Wednesday, March 14, 2012

Bring creative arts home

Family First | VoiceAmerica™

Creative art programs are being cut in schools to save money, and kids are being sucked into digital worlds designed by someone else for their recreation. What happened to crayons and colored pencils, clay, finger paints, and yarn? How does the artistic process help young minds to develop and how can we bring it back into our homes?  My guest this week on Family First is Helen Webber, a celebrated artist whose artistic works have graced huge public buildings as well as homes, always with fanciful, uplifting images, in diverse materials and a variety of themes.  Webber seeks to “inspire the creative spirit in our personal and public environments, and especially in our souls.” Webber believes that art can touch the spirit of many more people than those whose art experiences are limited to the halls and walls of museums and galleries. She is passionate about the rights of children to explore their imagination. Listen in for creative ideas for making your home an inspiring place to hang out.

Listen in Friday March 16, 4 PM ET or 1 PM PT, 2 PM NT, or 3 PM CT or any time on archive, to hear Helen Webber. Go to:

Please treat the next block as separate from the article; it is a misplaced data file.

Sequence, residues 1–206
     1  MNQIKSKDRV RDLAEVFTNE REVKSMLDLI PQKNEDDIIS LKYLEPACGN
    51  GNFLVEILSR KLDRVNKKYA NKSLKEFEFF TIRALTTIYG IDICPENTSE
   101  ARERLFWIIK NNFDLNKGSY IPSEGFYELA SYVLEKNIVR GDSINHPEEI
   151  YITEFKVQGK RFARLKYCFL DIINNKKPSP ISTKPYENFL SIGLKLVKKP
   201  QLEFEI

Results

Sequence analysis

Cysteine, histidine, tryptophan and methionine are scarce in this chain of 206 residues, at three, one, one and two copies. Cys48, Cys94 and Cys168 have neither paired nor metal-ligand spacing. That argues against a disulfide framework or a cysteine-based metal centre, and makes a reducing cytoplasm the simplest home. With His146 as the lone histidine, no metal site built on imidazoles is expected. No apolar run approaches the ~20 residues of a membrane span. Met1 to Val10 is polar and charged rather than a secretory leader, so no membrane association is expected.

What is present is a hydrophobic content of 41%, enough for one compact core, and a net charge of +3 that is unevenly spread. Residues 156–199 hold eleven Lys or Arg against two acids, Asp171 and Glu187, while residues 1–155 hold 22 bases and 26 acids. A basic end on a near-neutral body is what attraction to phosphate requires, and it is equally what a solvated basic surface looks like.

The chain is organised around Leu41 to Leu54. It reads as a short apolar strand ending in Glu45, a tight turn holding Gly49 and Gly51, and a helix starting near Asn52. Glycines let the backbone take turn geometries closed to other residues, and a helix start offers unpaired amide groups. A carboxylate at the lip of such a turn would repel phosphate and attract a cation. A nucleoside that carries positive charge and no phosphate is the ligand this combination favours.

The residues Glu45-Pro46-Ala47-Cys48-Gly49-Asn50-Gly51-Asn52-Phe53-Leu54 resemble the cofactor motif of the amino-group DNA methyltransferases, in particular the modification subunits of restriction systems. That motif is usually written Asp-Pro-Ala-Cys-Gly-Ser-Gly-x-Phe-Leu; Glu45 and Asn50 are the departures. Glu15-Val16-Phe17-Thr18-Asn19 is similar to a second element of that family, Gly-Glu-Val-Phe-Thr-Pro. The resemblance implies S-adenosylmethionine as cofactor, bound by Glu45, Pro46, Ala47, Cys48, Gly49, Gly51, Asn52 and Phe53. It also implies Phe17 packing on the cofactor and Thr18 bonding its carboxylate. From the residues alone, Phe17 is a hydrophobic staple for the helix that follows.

Helen Webber has created art for over one hundred public sites across the US and abroad. Best known for her fabric collage tapestries, she has also worked in metal, clay, wood, and stained glass, creating pieces from three to seventy-four feet. Her dramatic art adorns medical facilities, cruise ships, corporate and community centers, universities, and religious environments, as well as homes. Webber has written and illustrated children’s books, as well as designed book and record covers. Working with major US manufacturers, she has created an array of products for the home, as well as designs for children’s creative crafts. Webber has a Masters degree from the Rhode Island School of Design and has taught at colleges and lectured across the country. The book Catch a Dreamer was the inspiration for the film of the same name, which she wrote and directed. The film examines the rights of children today through the use of tapestry images, photography, art, poetry, and music..

Hear Helen Webber's insights Friday live or any time on MP3, etc. later. Go to:    

Randy's Take Home Tips: Parents need to be creative too. Paint WITH your child. Build sand castles. Make decorative arts for bedroom walls. Go to a crafts exhibition and make bowls of clay. Create a little book together! You are modeling creativity, having fun, learning something, and being together sharing, all at the same time.

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